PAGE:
The Curious Case Of The Hedge Fund That Made $700 Million On GameStop
It’s pretty simple how the market can be manipulated, isn’t it? Now, are you really buying we had that “greatest economy in history” under President Trump or are you wising up to how our economy is manipulated using phoney baloney, monopoly money and working the markets? If you haven’t figured it out yet, then you probably want to take a look at how this hedge fund made a whopping $700 million on Gamestop via the working of WallStreetBets a couple of weeks ago.
Tyler Durden has the story at Zero Hedge.
While retail was “sticking it to the suits” – the actual suits at hedge fund Senvest Management were about to net a cool $700 million on GameStop’s run higher. Why? Because GME was the largest Senvest holding as of Oct 7, an oddity considering many within the hedge fund world at the time viewed it as a potential bankruptcy candidate – hardly a prudent move from a fiduciary standpoint, unless Senvest had a plan… and boy did it have a plan.
But let’s back up.
Senvest principles, Richard Mashaal and Brian Gonick, started buying GSE stock equity in September, the Wall Street Journal report reveals, just weeks before they had accumulated a massive 3.6 million shares making Gamestop the fund’s largest holding. Mashaal told the Journal: “When it started its march, we thought, something’s percolating here. But we had no idea how crazy this thing was going to get.”
In retrospect, he just might have had an idea.
GameStop turned into the firm’s most profitable ever investment by dollars earned and IRR. Senvest’s fund has ballooned from $1.6 billion to $2.4 billion as a result of GameStop’s move and, for the month of January, the fund was up 38.4%. Gamestop is also the reason why Senvest is currently the top performing fund tracked by HSBC’s popular Hedge Weekly report.
Thomas Peterffy, chairman of Interactive Brokers, noted what many had suspected: “It is not just little people on the long side here. There are huge players playing both sides of GameStop.”
– Senvest made $700MM on GME.
– "Richard Mashaal and Brian Gonick started buying GameStop Corp. shares in September" – WSJ
— zerohedge (@zerohedge) February 5, 2021
Just a few months later, in December the GameStop long thesis got a major boost among both the retail (outside of WSB) as well as C-grade institutional community, when Hedgeye, which sells research to clients, pitched the name.
On Dec. 17, when GME stock closed at $14.83, Hedgeye told its clients that GameStop was one of their “Best Ideas” and held a presentation as to why the equity, then trading at $14.83 could eventually be worth $100. What Hedgeye’s clients did not know – according to the WSJ – is that Senvest had pitched the idea to them.
Of course, for Hedgeye it would be a knockout blow if it emerged that the firm wasn’t an “independent provider of research” but middle-man and facilitator for hedge funds who had put on trades and then used Hedgeye’s client network as an amplification system… similar to what many accuse hedge funds of doing to r/wallstreetbets right now. Which is why the advisory denied that the upgrade was promptly solely by Senvest’s whispers (we can only assume that Senvest is also a client): “I respect Senvest a lot. We vetted it independently and we came up with a similar conclusion,” said Hedgeye analyst Brian McGough said.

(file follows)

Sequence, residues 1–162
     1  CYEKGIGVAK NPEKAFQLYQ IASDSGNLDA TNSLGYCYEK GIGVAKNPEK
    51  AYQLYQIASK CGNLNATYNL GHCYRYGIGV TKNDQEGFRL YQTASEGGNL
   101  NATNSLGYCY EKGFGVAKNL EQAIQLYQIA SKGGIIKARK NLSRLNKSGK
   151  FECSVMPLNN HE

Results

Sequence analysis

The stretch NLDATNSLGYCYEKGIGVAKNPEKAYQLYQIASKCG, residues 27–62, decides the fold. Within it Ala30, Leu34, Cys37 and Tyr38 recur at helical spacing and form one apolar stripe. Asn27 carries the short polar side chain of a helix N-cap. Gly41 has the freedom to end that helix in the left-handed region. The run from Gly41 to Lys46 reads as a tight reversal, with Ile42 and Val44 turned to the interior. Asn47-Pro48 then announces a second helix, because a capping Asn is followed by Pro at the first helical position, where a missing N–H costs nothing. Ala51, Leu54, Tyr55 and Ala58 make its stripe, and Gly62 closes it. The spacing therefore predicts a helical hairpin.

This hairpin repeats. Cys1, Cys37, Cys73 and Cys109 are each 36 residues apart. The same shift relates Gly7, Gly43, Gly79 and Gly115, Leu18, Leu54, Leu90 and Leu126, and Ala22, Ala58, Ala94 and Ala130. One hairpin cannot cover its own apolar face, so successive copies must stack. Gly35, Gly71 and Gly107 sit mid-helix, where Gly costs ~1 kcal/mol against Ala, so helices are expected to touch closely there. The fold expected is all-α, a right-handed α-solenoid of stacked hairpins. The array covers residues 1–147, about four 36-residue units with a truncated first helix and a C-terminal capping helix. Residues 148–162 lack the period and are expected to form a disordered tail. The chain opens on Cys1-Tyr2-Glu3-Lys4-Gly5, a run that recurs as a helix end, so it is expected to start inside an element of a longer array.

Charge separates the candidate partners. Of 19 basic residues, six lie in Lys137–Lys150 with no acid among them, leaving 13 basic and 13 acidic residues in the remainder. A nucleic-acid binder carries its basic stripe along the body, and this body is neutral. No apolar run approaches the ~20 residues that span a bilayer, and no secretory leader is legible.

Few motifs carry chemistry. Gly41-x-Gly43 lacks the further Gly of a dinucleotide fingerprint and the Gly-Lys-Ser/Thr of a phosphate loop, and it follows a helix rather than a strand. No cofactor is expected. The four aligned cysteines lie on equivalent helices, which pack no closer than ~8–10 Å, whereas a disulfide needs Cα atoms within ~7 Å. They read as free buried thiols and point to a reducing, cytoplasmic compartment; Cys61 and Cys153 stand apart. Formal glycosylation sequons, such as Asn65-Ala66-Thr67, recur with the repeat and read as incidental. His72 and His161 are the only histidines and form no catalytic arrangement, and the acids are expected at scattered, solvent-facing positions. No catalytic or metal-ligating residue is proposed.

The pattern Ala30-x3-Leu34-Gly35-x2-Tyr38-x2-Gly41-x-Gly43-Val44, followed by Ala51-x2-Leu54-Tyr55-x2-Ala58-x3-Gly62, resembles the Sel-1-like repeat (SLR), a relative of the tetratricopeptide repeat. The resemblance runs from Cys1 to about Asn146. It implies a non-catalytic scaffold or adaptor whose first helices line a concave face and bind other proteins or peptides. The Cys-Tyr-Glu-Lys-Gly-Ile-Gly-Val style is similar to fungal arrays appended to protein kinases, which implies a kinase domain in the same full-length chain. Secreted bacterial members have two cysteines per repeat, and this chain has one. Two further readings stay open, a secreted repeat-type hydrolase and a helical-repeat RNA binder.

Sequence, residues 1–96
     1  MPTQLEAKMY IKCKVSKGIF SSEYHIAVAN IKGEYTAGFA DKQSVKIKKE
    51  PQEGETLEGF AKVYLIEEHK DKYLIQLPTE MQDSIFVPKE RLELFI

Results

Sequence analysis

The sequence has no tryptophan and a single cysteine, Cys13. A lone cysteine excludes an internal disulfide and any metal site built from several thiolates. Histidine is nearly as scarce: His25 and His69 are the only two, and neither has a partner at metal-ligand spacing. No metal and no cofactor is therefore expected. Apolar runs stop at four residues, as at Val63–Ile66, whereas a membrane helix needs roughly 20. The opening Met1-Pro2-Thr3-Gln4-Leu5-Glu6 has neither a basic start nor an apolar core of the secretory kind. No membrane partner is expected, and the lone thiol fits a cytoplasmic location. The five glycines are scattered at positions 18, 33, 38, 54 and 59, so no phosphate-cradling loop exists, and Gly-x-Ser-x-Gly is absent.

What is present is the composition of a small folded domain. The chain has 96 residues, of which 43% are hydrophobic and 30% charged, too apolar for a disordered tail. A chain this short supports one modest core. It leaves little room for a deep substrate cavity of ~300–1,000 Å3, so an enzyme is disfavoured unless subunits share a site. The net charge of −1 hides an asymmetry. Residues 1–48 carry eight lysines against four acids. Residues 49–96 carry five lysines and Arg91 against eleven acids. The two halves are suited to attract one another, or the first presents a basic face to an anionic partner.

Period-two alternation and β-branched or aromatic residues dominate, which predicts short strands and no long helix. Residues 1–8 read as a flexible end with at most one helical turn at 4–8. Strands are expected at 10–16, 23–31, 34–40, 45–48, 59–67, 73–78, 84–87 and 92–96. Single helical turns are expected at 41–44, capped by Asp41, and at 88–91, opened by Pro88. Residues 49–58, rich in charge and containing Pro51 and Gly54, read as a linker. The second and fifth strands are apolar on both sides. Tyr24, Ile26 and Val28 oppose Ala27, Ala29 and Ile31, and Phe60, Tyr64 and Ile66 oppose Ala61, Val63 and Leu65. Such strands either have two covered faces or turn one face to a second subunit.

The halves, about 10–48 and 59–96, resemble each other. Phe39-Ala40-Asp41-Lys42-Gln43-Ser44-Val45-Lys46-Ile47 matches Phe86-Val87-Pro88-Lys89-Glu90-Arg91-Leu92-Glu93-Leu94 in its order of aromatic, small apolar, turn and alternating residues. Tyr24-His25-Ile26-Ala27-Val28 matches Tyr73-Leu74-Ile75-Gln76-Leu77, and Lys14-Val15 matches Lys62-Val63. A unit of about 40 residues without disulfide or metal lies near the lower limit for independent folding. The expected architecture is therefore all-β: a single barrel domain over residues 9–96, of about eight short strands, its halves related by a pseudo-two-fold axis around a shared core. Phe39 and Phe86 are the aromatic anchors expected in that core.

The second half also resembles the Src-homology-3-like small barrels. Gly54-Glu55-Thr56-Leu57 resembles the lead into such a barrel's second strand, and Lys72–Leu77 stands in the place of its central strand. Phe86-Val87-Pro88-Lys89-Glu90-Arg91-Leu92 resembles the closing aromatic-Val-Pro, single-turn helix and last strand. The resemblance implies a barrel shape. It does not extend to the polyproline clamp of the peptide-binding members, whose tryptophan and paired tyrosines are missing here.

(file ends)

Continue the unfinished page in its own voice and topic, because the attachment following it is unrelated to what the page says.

In any case, by late December – between wallstreetbets and Hedgeye clients, the thesis was already widely spreading among the retail community, a process that would eventually culminate with the explosion of the stock price in late January. Why? Because the prevailing narrative was one where one or more hedge funds would never be able to cover their shorts because there was not enough short available in the float to cover, a process the world first encountered with Volkswagen, leading to a huge squeeze.
A squeeze, incidentally, which Senvest was all too familiar with. The WSJ writes:
Messrs. Mashaal and Gonick had been on the wrong end of short squeezes before at Senvest. One case was with opioid maker Insys Therapeutics Inc., though they ultimately made money on their short position. GameStop’s stock could soar if it got caught up in a situation in which its rising price forced bearish investors to start buying back shares to curb their losses, they thought.
They thought… and they were right. All they needed was the critical mass of buyers to ramp an initial buying cascade which would then trigger the squeeze and the rest is history. That’s precisely what happened in mid to late January, when the stock price exploded from $20 to over $500.
Unable to believe their eyes (or perhaps knowing precisely how such a massive short squeeze would play out) Senvest was just waiting for the catalyst to dump it all. They got it on on January 26, when Tesla CEO Elon Musk joined the stock-pumping fray and Tweeted out: “GameStonk!!”.
“Given what was going on, it was hard to imagine it getting crazier,” Senvest’s Mashaal conc
So just a series of very lucky coincidences leading up to a record, $700 million payday, or a masterfully executed plan that was laid out and executed far better than most Hollywood scripts?
We hope to have the answer once Congress holds its Gamestop hearings, although considering that Maxine Waters is in charge we won’t be holding our breath.
I’m not holding my breath either, Tyler.
Article posted with permission from Sons of Liberty Media